Device data can ID heart failure patients at readmission risk

October 15, 2012
Device data can ID heart failure patients at readmission risk
The use of device diagnostics to risk stratify patients during the first seven days after discharge can help identify patients at greatest risk of readmission for heart failure, according to research published online Oct. 4 in The American Journal of Cardiology.

(HealthDay)—The use of device diagnostics to risk stratify patients during the first seven days after discharge can help identify patients at greatest risk of readmission for heart failure, according to research published online Oct. 4 in The American Journal of Cardiology.

To assess whether diagnostic data collected after a hospitalization can predict the risk of , David J. Whellan, M.D., from Thomas Jefferson University in Philadelphia, and colleagues retrospectively analyzed patients from four studies and identified patients with defibrillator (CRT-D) devices with an admission for heart failure and 30-day post-discharge follow-up data. Diagnostic data from the first seven days after discharge were evaluated on the seventh day. A combined score was created from the device parameters that significantly predicted 30-day heart failure readmission, and patients were categorized into three risk groups.

Among 166 patients, the researchers identified 254 hospitalizations for heart failure, with 34 readmissions within 30 days. Significant predictors of 30-day readmission included daily impedance; high atrial fibrillation burden with poor rate control (>90 beat/min) or reduced CRT-D pacing (<90 percent pacing); and night heart rate of >80 beats/min. There was a significantly greater risk for 30-day readmission for heart failure among patients in the "high"-risk group for the combined diagnostic (hazard ratio, 25.4) compared to the "low"-risk group.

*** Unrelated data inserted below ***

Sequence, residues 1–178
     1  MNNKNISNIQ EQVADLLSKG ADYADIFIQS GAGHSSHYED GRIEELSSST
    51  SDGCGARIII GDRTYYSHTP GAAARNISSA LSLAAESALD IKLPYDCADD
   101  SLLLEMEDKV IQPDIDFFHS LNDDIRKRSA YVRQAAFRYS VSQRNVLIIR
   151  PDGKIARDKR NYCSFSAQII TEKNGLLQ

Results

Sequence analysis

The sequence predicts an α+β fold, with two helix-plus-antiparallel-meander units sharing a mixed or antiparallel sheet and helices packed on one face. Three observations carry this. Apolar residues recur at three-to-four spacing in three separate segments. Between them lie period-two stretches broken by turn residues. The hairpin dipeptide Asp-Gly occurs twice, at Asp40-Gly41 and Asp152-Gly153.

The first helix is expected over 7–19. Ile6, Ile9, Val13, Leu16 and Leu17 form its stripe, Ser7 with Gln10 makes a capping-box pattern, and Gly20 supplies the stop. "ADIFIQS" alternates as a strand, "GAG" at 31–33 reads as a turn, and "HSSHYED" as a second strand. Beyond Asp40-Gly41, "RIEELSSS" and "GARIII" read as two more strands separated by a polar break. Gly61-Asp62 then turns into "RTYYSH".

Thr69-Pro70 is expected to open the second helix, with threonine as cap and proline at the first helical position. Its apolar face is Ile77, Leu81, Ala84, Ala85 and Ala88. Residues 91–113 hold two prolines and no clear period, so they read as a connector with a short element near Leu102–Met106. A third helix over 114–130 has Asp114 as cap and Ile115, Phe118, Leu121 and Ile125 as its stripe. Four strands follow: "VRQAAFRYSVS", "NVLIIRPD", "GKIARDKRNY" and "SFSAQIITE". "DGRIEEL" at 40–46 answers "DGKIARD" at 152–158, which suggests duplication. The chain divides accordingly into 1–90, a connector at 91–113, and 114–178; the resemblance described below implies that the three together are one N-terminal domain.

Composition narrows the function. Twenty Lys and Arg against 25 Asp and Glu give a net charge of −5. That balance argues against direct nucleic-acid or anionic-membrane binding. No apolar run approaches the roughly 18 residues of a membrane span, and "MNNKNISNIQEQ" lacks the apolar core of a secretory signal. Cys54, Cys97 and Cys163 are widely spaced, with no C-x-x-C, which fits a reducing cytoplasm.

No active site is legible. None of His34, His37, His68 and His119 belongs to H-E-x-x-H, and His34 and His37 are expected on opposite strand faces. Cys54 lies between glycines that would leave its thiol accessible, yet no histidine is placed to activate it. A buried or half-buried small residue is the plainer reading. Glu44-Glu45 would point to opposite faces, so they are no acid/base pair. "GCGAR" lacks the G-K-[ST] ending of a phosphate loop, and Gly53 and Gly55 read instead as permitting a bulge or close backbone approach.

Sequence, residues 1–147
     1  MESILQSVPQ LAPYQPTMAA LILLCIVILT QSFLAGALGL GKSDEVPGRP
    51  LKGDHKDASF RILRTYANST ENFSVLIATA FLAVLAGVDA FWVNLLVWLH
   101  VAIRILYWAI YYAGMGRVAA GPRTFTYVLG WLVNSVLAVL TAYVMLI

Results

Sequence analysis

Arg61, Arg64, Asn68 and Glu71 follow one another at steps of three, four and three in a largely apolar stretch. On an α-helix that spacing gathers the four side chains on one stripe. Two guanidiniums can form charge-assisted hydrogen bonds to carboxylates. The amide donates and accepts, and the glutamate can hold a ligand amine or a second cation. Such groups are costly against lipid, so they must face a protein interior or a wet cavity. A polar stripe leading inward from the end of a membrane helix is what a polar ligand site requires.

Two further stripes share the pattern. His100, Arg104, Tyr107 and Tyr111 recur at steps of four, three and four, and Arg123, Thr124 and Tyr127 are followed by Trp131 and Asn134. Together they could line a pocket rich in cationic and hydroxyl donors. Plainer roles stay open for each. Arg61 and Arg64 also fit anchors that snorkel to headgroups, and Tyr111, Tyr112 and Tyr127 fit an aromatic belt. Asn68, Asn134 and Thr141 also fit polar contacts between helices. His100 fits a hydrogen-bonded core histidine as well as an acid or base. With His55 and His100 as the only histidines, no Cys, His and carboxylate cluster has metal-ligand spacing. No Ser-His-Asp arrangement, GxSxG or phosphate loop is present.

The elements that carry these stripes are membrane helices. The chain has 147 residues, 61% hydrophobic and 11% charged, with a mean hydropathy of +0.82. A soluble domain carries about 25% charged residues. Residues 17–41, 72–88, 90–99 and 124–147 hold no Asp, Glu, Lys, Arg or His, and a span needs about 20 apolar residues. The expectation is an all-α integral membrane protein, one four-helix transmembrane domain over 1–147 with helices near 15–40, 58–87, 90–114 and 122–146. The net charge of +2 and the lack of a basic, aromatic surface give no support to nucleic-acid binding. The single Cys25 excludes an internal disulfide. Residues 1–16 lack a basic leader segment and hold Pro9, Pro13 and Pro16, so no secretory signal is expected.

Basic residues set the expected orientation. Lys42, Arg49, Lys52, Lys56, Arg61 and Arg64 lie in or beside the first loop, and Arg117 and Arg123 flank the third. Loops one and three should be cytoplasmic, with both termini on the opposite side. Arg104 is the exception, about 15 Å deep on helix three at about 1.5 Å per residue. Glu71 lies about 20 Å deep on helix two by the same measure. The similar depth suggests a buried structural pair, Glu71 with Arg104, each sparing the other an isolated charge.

"Future studies to validate the scoring system and to show that using the diagnostics at seven days can reduce heart failure readmissions are required before implementation of this strategy in clinical practice," the authors write.

Several authors disclosed (including employment) to Medtronic.

Explore further: Higher education associated with reduced heart failure risk after myocardial infarction

More information: Abstract
Full Text (subscription or payment may be required)
Editorial (subscription or payment may be required)

Related Stories

Recommended for you

Female smokers face greatest risk for brain bleeds

July 21, 2016

Bleeding inside the lining of the brain (subarachnoid hemorrhage) is significantly more common among smokers, especially female smokers, than among people who do not smoke, according to new research in the American Heart ...

Global study shows stroke largely preventable

July 15, 2016

Ten risk factors that can be modified are responsible for nine of 10 strokes worldwide, but the ranking of those factors vary regionally, says a study led by researchers of the Population Health Research Institute (PHRI) ...

0 comments

Please sign in to add a comment. Registration is free, and takes less than a minute. Read more

Click here to reset your password.
Sign in to get notified via email when new comments are made.